The world of work is changing fast. The days of a monotonous of 9-5 are dying, replaced with a way of working that brings freedom, flexibility, choice and control. Relentless technological innovation has changed the mindset of the global workforce and businesses alike, enabling anytime, anywhere working and building a new, exciting wave of entrepreneurs.
Today, we can just as easily work from the comfort of our home or holiday villa, as we can from the office. This transformation has liberated the modern workforce, the catalyst behind the millions of bedroom businesses, coffee-shop workers, freelancers, contractors and self-employed.
Technology has undoubtedly been the driving force behind remote, new and innovative ways of working. And it’s no surprise that digital innovation is also expected to play a fundamental role in how this new workforce sources business, survives and even prospers in a fiercely competitive environment.
The development of artificial intelligence (AI) – a computer system so smart that it learns and understands patterns and behaviours to make better and more well-informed decisions – is set to revolutionize the way independent workers connect and match with relevant businesses who are on the lookout for quality freelancers and contractors.
Some say AI has the potential to one-day automate the entire recruitment process, as it learns to make better decisions about potential candidates and jobs over time, based on skills matches, references, day-rates, location, availability and to some extent culture fit.
As always, the business world is gearing up for change. 85% of executives revealed in Accenture’s Future Workforce Trends report that they are preparing to invest heavily in AI related tech in the next three years. Smart learning through AI has the potential to automate and reduce spend on mission critical activities, from customer service, right through to finding and matching with new talent.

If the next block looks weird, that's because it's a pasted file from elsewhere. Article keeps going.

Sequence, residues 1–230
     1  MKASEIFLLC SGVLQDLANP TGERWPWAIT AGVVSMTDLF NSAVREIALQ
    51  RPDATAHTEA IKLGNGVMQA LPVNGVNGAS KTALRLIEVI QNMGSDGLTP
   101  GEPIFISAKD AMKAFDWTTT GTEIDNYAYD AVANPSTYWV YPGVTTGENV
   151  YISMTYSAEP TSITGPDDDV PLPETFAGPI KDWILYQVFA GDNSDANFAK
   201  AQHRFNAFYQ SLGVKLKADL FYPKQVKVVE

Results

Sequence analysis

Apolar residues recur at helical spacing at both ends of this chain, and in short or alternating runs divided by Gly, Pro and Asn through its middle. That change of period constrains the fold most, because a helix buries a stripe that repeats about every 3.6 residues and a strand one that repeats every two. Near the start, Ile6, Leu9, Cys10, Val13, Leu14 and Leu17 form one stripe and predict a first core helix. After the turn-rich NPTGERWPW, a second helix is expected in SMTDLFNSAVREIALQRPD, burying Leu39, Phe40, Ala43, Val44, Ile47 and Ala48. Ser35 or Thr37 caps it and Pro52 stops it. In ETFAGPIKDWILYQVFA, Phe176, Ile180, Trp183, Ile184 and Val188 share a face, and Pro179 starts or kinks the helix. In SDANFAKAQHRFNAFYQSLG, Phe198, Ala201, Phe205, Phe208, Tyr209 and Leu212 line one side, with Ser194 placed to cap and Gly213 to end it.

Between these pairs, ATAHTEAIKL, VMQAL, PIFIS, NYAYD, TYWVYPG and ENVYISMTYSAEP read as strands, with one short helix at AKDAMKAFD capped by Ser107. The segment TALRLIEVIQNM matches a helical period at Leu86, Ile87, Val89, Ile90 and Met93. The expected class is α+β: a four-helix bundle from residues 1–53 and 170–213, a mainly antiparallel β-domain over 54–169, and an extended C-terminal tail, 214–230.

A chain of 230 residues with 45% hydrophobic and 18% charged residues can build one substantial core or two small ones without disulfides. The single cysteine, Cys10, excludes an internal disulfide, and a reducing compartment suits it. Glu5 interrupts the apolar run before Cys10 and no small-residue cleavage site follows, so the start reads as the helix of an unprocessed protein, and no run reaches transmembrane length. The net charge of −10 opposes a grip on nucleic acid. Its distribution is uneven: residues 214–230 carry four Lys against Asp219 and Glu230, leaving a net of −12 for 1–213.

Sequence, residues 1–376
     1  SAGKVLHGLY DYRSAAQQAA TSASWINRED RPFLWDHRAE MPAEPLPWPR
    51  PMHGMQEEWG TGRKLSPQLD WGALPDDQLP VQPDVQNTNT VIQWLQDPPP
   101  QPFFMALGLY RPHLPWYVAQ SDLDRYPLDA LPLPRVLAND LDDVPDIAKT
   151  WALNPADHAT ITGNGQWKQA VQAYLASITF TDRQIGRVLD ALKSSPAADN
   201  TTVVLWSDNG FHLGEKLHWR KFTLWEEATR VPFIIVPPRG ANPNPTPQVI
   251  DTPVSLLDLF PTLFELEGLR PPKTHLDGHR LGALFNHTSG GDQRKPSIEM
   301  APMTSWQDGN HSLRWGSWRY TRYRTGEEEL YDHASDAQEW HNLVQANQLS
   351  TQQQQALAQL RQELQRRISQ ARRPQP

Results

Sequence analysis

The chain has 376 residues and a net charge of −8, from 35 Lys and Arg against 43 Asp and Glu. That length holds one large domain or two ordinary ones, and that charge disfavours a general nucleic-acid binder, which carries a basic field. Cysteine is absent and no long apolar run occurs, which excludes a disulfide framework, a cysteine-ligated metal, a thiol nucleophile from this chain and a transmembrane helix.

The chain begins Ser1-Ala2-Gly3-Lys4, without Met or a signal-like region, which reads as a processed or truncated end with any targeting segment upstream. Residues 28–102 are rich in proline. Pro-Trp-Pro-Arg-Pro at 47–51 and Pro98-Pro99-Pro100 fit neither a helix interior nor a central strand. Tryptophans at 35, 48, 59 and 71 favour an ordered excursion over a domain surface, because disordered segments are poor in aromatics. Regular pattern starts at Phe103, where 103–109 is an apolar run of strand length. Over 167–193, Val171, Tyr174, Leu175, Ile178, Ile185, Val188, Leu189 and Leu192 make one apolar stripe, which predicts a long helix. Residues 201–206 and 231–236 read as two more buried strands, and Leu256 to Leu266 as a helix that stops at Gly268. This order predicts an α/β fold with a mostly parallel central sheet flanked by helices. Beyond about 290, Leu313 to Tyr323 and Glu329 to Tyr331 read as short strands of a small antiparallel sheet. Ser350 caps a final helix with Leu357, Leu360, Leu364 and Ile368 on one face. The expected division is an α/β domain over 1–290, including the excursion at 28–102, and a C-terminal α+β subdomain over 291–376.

Many businesses and employers are already ahead of the curve, on the cusp of embracing artificial intelligence, as they go in search of faster and cheaper ways to connect with the right freelancers and contractors. As many as 96% of senior HR professionals believe AI has the potential to greatly enhance talent acquisition – just going to show that this new, exciting technology is highly regarded as a main component in the future of recruiting.
But are we ready for such change now? 57% of HR professionals surveyed by Alexander Mann are concerned that technological innovation within their department is too slow. And despite the overriding believe that AI is set to fundamentally change the way these businesses match with freelancers and contractors, just one in four HR leaders are currently using these methods.
“It is certainly promising to see that an astounding number of senior HR leaders understand the benefits of utilising Artificial Intelligence in their HR and talent functions. Artificial Intelligence technologies and data analytics tools both hold significant opportunities for candidate sourcing, selection and retention,” explained Laurie Padua, Director of Technology and Operations Consulting at Alexander Mann Solutions.
“And with figures from LinkedIn’s 2016 Global Recruiting Survey finding that 46% of HR leaders are still struggling to attract candidates in high demand talent pools, it’s clear that organisations which embrace technology will have an edge over their competitors. Companies who are quick to adopt these technologies will have far greater access to in-demand talent pools, while those who fail to act are likely to fall behind.”
The faster artificial intelligence is embraced as the technology which could fundamentally change how we as freelancers and contractors connect with relevant businesses and employers, the better. And excitingly, the widespread use of artificial intelligence in the recruitment industry looks to be a case of when and not if.
For freelancers, contractors and the growing, global and flexible workforce, the benefits are clear. For the first time the new, independent workforce can be confident that the opportunities, projects and roles presented to them are entirely relevant. And for the first time freelancers can rely less on limited networks and their little black book of contacts, knowing that the right jobs, from the right employers, paying the right rates will arrive at exactly the right time.
How important do you see technology being in the way you win new work? Join the conversation...